Growing up, I never planned my dream wedding. Though my notebooks housed doodles of boys’ names, watching wedding-related TV or flipping through bridal mags was a special kind of cruel and unusual punishment. I’d play along, but always felt like I was watching people window dressing.
Now, I’m a nerdy, well-adjusted (ha!) 20-something with a long-term relationship, three jobs, and a deep fear of debt. Wedding shows still make me skittish, but I obviously don’t avoid wedding magazines anymore. I’m not actively seeking out ideas, but when I come across them, I save them.
For the past two years, my boyfriend and I have been talking about marriage. With him in law school and me working a lot, time and money are precious resources. Since planning a wedding can take a lot of both—and I told him not to propose until he finished law school—we’re taking our time.
Money-wise, I should say now that I rarely spend money on nonessential items. It takes an uber bargain on an amazing product to make me even consider opening my wallet, and on-point service to make me go through with a purchase.
Everything came together with the dress.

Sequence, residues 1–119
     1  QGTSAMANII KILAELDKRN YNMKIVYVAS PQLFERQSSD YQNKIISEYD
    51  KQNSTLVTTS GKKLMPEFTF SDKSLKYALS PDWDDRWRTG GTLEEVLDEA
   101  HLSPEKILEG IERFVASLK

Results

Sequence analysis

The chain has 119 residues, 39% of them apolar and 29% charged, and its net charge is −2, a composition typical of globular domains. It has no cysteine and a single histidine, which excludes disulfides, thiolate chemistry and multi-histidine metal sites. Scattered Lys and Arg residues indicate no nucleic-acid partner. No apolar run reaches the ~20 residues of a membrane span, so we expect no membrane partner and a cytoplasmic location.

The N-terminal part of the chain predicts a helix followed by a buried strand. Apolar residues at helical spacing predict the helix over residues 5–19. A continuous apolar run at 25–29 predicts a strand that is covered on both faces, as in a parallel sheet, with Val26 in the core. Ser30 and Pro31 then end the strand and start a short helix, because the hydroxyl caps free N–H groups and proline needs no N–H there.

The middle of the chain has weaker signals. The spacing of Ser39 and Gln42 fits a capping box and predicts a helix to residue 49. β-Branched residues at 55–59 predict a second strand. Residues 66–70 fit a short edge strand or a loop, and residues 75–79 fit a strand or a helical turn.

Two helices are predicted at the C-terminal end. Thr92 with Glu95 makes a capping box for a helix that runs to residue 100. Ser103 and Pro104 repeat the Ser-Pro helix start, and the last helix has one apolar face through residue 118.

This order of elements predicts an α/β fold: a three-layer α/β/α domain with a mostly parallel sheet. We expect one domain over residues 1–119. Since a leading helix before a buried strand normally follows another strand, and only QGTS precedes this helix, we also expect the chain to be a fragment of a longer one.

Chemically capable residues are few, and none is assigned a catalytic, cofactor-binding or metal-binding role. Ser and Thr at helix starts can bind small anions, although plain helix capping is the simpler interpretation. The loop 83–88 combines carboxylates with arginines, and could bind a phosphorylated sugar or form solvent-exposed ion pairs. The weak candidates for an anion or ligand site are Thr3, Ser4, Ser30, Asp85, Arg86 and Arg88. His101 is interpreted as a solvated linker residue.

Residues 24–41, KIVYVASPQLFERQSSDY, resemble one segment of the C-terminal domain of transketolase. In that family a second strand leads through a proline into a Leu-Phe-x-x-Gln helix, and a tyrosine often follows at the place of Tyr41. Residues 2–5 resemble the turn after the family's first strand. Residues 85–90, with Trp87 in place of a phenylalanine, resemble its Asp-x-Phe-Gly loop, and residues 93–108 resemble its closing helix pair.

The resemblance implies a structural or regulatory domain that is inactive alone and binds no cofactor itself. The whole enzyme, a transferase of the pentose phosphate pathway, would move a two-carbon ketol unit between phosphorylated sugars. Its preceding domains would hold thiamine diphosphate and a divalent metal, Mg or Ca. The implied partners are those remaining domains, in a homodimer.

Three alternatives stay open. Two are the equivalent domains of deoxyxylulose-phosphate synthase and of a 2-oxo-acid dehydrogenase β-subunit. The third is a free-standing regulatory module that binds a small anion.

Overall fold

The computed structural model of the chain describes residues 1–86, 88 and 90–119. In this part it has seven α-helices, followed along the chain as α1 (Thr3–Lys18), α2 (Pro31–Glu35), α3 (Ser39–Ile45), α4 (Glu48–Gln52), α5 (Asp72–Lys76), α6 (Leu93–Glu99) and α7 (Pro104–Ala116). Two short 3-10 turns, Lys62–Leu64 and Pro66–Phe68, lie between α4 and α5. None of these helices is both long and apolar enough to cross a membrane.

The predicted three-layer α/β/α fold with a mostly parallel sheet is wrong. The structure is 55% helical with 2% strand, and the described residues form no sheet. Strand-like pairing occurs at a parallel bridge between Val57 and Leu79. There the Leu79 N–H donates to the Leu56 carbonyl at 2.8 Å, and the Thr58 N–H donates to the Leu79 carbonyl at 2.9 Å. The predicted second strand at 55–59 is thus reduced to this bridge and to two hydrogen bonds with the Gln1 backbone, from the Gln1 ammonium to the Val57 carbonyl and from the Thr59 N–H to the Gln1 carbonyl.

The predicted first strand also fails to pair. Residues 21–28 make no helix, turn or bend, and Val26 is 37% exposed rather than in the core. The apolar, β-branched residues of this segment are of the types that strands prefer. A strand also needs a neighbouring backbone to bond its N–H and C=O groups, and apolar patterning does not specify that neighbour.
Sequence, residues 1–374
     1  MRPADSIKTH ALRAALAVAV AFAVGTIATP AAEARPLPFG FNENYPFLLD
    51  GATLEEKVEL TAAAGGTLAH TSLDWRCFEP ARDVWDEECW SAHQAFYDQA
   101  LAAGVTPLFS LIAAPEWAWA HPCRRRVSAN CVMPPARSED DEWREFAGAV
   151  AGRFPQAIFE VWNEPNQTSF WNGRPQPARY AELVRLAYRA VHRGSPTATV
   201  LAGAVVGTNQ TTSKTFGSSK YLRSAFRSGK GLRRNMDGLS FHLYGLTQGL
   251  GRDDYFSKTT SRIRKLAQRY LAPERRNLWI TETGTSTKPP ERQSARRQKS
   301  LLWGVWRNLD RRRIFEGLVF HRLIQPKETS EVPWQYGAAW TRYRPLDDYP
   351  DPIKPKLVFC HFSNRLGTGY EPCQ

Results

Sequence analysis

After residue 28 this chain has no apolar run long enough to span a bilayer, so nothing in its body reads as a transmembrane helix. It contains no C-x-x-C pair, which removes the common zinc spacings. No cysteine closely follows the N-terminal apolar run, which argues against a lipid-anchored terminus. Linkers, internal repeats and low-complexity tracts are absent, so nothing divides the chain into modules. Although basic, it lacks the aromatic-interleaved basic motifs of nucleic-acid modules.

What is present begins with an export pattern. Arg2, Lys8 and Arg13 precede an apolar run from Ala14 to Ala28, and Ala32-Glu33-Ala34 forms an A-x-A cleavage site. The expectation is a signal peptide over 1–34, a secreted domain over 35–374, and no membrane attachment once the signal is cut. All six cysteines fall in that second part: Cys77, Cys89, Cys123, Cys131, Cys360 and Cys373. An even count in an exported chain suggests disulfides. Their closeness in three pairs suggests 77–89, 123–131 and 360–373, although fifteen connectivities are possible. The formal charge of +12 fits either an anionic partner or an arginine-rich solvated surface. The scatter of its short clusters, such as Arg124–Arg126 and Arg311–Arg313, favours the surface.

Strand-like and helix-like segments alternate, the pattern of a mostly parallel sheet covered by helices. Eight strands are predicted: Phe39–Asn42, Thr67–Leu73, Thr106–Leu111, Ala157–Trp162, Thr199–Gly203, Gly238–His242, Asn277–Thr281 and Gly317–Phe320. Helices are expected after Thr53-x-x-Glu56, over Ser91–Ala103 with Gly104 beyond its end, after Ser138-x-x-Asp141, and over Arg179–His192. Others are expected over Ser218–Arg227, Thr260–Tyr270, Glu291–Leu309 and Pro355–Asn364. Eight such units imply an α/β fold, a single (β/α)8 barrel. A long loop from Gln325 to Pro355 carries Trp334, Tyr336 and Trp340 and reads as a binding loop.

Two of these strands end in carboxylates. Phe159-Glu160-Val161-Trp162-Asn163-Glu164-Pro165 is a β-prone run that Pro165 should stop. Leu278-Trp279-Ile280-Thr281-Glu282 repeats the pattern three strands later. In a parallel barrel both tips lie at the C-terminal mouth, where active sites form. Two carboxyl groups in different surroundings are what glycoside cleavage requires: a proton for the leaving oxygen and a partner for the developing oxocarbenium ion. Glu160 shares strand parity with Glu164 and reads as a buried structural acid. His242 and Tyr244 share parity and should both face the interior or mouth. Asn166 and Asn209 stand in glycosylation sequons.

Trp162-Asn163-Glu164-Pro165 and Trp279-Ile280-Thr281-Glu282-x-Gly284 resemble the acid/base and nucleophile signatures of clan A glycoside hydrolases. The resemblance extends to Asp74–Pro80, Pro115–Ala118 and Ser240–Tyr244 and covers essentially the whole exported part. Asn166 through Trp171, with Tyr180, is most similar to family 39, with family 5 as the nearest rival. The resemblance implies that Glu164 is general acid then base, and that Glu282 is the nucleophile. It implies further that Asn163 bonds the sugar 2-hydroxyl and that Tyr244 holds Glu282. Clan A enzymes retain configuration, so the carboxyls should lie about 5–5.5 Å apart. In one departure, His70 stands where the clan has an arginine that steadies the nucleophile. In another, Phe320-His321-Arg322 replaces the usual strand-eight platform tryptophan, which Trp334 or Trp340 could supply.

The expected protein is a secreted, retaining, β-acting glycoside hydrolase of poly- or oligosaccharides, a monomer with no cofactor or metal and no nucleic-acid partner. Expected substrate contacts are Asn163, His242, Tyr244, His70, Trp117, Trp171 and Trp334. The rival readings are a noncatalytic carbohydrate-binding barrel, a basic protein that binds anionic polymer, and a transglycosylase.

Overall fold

A few weeks ago, a local formalwear shop advertised a sample sale on wedding gowns. Out of curiosity, I called to check on the sizing and pricing of the pictured dresses. Most were under $500, and several were my size, so I set up an appointment immediately.
At the shop, I only tried on two dresses. The second was simple, elegant, completely customizable, and $300 after tax. After doing the math on how much time and money it would take to sew my own, I bought it.
Y’all, I wish I could post a picture, but I don’t want to tempt fate. I’m not generally superstitious, but my husband-to-be won’t see my dress before the ceremony. Until then, you better believe that I’ll blog about any and all parts of wedding plan as they evolve.
Clair McLafferty is a freelance writer, craft bartender and general nerd operating out of Birmingham, Ala. If she’s not mixing up vintage drinks or editing a story, she can usually be found reading cocktail history or science fiction. See more of her work at clairmclafferty.com.